3 more Maryland medical board members resign amid scandal

ANNAPOLIS, Md. (AP) — Three members of the University of Maryland Medical System’s board resigned, the system announced Tuesday, in the ongoing aftermath of a scandal involving financial arrangements that recently led Baltimore’s mayor to resign.

The medical system announced that board chairman Stephen Burch is resigning effective July 1. Kevin O’Connor also resigned effective July 1. Dr. Scott Rifkin’s resignation is effective immediately.

Rifkin’s company, Real Time Medical Systems and UMMS, have an “active agreement in which the company provides software for a pilot program designed to reduce hospital readmissions,” the medical system said in a statement.

“Dr. Rifkin’s resignation advances the effort to prevent conflicts and increase transparency,” the medical system said.

Robert Chrencik, who was the president and CEO of the medical system, resigned last month. He had led the system since 2008 before being sent on a leave of absence in late March when The Baltimore Sun first reported on questionable financial arrangements involving board members, including Baltimore Mayor Catherine Pugh, who was a board member.

Pugh resigned as mayor last week amid investigations into whether she sold self-published children’s books to disguise hundreds of thousands of dollars in kickbacks. She’s called her book deal with the medical system a “regrettable mistake.” The FBI and IRS agents raided Pugh’s homes and City Hall offices last month. Pugh has not been charged with a crime.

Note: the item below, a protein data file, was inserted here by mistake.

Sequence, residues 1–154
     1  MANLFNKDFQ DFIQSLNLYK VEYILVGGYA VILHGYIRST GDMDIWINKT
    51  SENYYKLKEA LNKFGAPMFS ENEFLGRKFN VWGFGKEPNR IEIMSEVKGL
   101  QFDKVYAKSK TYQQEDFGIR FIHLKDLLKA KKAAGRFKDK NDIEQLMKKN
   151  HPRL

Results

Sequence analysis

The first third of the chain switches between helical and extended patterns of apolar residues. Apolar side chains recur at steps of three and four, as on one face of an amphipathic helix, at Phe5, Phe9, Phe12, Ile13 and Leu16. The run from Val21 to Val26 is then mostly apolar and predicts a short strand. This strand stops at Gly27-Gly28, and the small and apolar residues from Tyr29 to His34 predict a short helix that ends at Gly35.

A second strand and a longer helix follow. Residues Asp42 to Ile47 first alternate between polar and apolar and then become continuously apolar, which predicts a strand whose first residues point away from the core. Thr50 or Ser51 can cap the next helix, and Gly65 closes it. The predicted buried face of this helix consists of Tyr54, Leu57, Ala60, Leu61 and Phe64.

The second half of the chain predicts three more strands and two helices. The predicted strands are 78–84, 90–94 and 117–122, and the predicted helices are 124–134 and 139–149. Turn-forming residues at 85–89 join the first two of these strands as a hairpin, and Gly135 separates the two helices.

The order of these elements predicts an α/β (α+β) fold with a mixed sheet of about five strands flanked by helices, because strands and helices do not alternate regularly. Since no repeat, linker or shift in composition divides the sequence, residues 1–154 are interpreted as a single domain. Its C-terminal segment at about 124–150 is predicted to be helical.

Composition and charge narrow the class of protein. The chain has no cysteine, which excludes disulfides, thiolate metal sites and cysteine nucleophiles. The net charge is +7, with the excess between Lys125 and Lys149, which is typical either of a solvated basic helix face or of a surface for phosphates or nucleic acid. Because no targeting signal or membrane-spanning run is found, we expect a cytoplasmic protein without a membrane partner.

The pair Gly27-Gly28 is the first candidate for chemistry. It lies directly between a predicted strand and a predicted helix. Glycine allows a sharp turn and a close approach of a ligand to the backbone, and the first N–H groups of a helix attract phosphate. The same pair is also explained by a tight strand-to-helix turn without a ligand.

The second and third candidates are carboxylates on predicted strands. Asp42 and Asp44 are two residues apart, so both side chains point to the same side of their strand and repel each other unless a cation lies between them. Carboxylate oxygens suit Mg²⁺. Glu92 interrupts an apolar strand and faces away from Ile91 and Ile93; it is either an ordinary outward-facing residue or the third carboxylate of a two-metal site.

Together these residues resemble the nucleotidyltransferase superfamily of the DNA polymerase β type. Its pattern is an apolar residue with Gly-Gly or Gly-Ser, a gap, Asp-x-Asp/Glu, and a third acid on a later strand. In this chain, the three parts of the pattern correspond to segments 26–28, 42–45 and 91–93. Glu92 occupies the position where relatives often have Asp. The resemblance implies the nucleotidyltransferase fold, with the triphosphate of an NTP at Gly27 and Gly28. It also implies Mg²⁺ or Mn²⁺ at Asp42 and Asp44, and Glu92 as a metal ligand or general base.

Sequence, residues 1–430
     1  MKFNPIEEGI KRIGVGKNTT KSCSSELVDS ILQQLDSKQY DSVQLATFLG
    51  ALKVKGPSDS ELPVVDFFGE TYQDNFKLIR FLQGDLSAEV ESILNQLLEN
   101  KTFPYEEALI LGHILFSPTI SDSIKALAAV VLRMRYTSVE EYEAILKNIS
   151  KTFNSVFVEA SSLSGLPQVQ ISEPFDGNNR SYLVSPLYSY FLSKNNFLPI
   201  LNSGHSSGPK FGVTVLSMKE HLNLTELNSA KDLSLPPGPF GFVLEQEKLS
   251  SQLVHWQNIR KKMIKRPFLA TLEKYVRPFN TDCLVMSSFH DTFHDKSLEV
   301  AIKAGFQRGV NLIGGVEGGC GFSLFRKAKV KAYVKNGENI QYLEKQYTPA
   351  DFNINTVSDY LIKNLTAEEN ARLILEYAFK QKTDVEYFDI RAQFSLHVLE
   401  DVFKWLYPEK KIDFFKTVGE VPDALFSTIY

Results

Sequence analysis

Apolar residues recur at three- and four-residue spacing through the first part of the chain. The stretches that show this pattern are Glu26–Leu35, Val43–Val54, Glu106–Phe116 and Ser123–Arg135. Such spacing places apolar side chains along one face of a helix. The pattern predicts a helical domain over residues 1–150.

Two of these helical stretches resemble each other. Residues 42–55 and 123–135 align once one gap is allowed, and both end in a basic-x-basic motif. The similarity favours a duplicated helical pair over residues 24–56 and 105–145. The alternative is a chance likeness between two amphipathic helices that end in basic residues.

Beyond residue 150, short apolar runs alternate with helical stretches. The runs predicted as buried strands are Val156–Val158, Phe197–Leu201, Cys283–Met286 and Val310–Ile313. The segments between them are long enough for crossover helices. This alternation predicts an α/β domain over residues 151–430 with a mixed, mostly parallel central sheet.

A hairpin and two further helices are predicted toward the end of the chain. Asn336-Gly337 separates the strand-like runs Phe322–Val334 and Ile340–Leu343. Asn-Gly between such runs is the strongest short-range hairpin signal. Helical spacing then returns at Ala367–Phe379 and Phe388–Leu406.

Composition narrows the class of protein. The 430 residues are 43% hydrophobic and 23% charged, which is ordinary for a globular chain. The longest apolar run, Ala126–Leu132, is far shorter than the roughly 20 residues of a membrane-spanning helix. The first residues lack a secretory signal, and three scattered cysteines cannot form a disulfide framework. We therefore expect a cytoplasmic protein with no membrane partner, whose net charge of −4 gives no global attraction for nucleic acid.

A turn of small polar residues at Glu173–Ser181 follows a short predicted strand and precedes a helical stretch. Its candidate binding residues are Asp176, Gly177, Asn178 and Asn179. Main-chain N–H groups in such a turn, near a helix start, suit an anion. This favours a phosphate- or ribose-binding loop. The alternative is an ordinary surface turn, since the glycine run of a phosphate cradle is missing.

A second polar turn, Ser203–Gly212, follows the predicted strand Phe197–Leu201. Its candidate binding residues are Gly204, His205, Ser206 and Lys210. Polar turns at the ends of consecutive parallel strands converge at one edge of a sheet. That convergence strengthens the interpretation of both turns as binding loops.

Roughly one-third of more than two dozen of the system’s board members received compensation through the medical system’s arrangements with their businesses. The contract with Rifkin’s company had not been previously been reported.

Gov. Larry Hogan signed emergency legislation last month to overhaul the network’s board of directors, which oversees a university-based regional health care system. It has about 28,000 employees and 4,000 affiliated physicians in more than 150 locations and at 13 hospitals. The new law bars board members from getting contracts without a bidding process and prohibits board members from leveraging their position on the board for personal gain.

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